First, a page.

Interview: Yung Pabi Discusses ”BushMan” And Why Honest Lyrics Matter
Ask Yung Pabi what music means to him and his answer is as direct as the lyrics he shares on his songs: “Music is the art of sound in time that expresses ideas and emotions by using rhythms and melody”.
Since the release of his socially conscious song ‘’BushMan’’, the rapper has seen his stock steadily rising. His name is becoming recognizable among music fans, earning him performance spots- he recently performance at the University of Ghana Drama Studio. He is scheduled to headline Serallio Sunday on 25th March, 2018.
‘’BushMan’’, a song about irresponsible fatherhood, has clocked over 2,500 plays on Soundcloud alone; an achievement Yung Pabi, real name Prince Addo Biney is delighted about. The positive reaction the song is courting isn’t just because of Yung Pabi’s incredible lyrical poignancy but, the relatable life story he weaved on ‘’BushMan’’. “I make music about everything; even stuff I imagine. About it being personal experiences, I feel the reason people are associating the song to my life might be because the story felt so true and emotional. But I am an artiste, I tell stories all I did was try to be better at my craft’’. In his view, the positive reaction is prove that ‘’Ghanaians pay more attention to lyrical content’’.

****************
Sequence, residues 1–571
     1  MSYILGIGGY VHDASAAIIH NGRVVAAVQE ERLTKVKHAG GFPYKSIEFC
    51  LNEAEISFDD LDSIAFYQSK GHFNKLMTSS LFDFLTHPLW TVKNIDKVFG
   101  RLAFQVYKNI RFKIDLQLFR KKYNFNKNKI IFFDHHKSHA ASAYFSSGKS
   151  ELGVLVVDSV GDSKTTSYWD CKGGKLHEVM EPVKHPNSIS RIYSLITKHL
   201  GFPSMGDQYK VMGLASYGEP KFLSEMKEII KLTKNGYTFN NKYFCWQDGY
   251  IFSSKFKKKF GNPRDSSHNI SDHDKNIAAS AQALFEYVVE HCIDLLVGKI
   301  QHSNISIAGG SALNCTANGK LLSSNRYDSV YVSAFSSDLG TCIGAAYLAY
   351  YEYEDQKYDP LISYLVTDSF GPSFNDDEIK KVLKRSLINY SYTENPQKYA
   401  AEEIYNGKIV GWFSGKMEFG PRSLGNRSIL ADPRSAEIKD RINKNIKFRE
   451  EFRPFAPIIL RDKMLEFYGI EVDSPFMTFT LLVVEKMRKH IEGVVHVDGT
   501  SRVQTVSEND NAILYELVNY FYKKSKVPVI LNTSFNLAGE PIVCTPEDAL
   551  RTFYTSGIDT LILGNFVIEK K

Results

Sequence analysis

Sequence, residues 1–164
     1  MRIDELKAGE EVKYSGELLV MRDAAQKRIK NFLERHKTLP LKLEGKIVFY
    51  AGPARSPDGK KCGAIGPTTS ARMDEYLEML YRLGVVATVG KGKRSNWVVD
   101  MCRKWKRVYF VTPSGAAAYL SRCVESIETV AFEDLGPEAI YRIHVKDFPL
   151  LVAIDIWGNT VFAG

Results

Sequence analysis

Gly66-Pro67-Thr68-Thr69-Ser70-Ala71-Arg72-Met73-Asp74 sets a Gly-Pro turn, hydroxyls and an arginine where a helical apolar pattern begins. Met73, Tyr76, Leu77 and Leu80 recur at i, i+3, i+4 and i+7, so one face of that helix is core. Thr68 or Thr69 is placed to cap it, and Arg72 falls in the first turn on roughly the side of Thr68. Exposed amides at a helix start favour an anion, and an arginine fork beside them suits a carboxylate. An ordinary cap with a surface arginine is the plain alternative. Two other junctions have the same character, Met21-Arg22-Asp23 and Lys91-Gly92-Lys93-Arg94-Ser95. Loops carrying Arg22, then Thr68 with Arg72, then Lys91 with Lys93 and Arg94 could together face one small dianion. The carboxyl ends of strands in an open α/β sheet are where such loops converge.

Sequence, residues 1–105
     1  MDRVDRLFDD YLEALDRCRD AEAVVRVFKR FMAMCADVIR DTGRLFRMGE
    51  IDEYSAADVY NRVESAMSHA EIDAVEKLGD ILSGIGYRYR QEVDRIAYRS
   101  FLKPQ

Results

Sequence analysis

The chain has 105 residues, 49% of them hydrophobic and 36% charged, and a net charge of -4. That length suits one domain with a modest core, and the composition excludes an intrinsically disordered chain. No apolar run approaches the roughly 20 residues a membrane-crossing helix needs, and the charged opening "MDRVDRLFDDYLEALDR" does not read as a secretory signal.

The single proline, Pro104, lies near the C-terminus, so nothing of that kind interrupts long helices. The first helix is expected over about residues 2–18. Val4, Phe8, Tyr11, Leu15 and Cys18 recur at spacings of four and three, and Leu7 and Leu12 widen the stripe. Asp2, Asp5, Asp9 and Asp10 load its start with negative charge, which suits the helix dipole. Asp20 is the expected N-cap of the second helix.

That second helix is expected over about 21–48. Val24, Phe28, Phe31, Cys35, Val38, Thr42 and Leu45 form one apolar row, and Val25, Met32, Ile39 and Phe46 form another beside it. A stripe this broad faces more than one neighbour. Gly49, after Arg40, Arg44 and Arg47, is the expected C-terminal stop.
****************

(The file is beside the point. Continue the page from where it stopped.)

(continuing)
In 2017, Yung Pabi stunned many who watched his ‘’Phreakout’’ Performance at Alliance Francaise. Backed by a handful of dancers, he presented a dance interpretation of his lyrics, something many in the audience applauded. Yung Pabi understands the power of a well-choreographed performance: ‘’Anytime I go on stage, I don’t want my audience to hear the song actually, I want them to listen to me while I try to do something extra so they don’t feel it’s radio they’re listening to or say a regular artiste performing’’.
In this interview with Culartblog, Yung Pabi, a former St. Thomas Aquinas Senior High School student and Entertainment Prefect shares detail on how ‘’BushMan’’ was made and earning a M3nsa feature, his music writing process, musical inspiration(s) growing up, and why speaking on social issues is important to him.
First, how has the reaction to ‘’BushMan’’ been since its release?
The reaction to ‘’BushMan’’ has been overwhelming. I’m getting to meet new people and the feedback has made me realize Ghanaians pay more attention to lyrical content. I thank God for whatever is happening with ‘’BushMan’’.
I saw your tweet about performing at University of Ghana Drama Studio. How will you describe the experience?
The performance was awesome, the crowd related incredibly with me. Anytime I go on stage, I don’t want my audience to just hear the song. I actually want them to listen to me while I try to do something extra so they don’t feel its radio they’re listening to, or say a regular artiste performing. God bless whoever was there!